you have to find out what those are first.
To not become a commodity, you must engage your sales and marketing
people in making the differentiation. Both groups need to be involved;
otherwise you’ll always be a commodity. If you ask salespeople
to do what they’ve always done, then they’ll go out
and drop the price. But if you ask them to participate in distinguishing
your product or service, then you’ll have a better chance
of discovering your true differentiation. After all, the salespeople
ought to know what the customers really want because they are on
the front lines. Your salespeople are in touch with the customers
the most and really know what they want.
Encourage your sales and marketing teams to share their ideas, crazy
as they may be, and reward people for bringing new ideas to the
table. This open, reward-based environment will bring out good and
bad ideas, but eventually you’ll have lots of good ideas that
will help distinguish you.
At first, you should reward every idea to encourage your team to
talk about everything that comes to mind. Then as time goes on and
your brainstorming sessions become more focused, you can be more
selective about the ideas you reward. Encourage them to get closer
and closer to your true differentiation.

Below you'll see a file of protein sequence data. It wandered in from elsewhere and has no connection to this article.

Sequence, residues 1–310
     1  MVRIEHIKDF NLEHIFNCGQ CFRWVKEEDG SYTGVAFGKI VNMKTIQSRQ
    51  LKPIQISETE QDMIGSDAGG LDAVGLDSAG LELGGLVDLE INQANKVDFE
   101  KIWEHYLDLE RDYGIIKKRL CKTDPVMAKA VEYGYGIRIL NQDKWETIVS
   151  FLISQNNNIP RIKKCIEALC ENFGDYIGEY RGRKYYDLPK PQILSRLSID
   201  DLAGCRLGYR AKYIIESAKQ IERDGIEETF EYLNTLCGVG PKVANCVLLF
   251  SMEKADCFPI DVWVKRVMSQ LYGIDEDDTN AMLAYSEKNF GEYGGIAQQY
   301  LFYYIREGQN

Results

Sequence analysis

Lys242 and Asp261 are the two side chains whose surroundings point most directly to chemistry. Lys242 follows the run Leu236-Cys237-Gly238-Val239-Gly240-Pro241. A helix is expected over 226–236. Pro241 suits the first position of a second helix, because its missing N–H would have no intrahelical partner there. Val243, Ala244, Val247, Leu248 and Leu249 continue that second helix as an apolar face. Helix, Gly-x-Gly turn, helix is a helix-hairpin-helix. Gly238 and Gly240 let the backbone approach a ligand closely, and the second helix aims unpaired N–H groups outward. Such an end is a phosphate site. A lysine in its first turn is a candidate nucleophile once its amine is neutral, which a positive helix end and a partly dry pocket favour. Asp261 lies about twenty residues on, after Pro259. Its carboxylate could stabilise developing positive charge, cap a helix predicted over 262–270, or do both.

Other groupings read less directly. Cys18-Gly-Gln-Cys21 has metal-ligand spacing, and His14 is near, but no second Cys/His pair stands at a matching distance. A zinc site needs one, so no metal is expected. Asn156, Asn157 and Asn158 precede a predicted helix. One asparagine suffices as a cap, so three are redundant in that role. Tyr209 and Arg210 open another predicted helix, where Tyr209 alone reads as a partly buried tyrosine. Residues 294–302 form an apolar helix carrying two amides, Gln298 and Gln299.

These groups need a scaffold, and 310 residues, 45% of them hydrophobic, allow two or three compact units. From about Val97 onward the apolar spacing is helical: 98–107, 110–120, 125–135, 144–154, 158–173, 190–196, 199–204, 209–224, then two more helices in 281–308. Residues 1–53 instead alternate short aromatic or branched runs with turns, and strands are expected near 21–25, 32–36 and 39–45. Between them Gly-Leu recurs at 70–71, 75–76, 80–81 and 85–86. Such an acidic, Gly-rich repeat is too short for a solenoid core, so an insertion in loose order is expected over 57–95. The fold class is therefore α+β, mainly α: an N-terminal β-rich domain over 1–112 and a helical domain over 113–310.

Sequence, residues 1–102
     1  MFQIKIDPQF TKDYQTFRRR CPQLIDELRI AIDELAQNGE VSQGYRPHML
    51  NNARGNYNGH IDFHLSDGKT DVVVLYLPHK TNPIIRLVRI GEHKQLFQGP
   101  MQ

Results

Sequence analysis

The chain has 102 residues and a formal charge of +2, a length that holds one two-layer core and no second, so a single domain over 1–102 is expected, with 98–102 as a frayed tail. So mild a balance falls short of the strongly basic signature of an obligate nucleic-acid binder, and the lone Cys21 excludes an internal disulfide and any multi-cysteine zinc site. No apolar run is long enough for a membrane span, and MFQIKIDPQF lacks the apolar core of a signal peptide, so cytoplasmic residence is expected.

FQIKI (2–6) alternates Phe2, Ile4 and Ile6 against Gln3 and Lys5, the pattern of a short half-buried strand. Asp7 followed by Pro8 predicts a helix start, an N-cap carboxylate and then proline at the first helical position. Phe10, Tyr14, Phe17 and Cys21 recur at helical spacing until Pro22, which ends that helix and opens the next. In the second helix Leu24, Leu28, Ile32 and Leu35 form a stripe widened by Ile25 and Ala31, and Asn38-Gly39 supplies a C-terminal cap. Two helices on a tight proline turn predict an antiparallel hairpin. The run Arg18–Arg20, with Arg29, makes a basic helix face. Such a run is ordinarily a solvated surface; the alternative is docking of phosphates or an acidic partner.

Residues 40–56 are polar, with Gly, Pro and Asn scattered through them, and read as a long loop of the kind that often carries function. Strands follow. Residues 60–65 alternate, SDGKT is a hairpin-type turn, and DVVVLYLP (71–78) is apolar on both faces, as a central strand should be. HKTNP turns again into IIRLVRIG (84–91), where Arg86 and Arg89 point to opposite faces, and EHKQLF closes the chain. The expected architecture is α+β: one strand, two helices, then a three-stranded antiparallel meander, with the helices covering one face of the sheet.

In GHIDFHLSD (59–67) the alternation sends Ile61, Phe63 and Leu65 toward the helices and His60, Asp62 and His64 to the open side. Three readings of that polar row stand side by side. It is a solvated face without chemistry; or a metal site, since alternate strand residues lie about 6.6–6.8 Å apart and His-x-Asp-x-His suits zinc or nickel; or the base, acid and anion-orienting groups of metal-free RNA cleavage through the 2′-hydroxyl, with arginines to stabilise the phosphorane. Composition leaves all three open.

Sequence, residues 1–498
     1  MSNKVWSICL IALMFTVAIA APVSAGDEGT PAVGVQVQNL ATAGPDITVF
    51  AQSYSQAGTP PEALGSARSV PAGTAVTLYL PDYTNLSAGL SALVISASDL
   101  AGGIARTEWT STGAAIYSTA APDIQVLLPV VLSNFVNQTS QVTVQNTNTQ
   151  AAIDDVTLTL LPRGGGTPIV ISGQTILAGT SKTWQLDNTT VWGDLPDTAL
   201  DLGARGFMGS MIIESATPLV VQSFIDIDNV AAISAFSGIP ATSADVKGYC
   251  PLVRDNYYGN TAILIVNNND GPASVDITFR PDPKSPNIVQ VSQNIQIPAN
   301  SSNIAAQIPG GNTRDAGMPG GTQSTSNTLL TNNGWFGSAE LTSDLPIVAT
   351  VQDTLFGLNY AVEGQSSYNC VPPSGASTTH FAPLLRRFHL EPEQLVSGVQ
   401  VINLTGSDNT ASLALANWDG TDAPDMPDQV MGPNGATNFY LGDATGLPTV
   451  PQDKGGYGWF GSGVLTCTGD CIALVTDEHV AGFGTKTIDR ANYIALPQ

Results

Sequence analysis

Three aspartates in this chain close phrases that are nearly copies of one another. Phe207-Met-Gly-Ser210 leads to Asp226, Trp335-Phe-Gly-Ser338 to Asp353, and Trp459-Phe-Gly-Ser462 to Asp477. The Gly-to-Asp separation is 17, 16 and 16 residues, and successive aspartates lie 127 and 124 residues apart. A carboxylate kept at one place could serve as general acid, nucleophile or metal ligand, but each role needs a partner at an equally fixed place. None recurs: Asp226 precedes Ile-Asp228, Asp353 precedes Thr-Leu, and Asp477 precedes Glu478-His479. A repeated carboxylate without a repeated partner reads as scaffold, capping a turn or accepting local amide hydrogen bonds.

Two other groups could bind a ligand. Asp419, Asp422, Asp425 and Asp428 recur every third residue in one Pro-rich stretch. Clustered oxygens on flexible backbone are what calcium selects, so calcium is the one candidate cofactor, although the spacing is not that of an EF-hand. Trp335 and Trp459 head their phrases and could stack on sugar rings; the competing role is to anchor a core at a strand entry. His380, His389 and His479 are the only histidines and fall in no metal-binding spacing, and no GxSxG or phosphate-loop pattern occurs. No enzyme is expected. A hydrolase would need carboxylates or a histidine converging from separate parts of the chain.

Keep in mind, by creating this kind of environment, you’re
asking your team to take on new and difficult challenges that require
them to think in a different way. Essentially, you’re asking
them to make mistakes. But if you’re asking them to brainstorm
your differentiation, you have to let that creativity come through.
So set up an environment where their ideas can flow freely.
GIVE YOUR BEST
You probably offer more than one product or service in your company.
If not, you’ve most likely considered expanding into new markets.
But when companies start expanding into new markets, they tend to
deliver things marginally.
For example, everything Gore-Tex does revolves around that technology.
They use it to create a variety of waterproof fabrics that are used
by sporting goods manufacturers. But if they decided to expand into
something completely different from that product, such as fertilizers
or computer programming, then they would have a harder time succeeding
at it. If you try to expand beyond your area of expertise, chances
are you won’t be able to compete with anything other than
But if the people at Gore-Tex decided to expand in other areas of
the fabric industry, they might have more success. If you expand
into something you can incorporate into the essence of what you
do best, then you’ll be able to distinguish your product or
service on something other than price.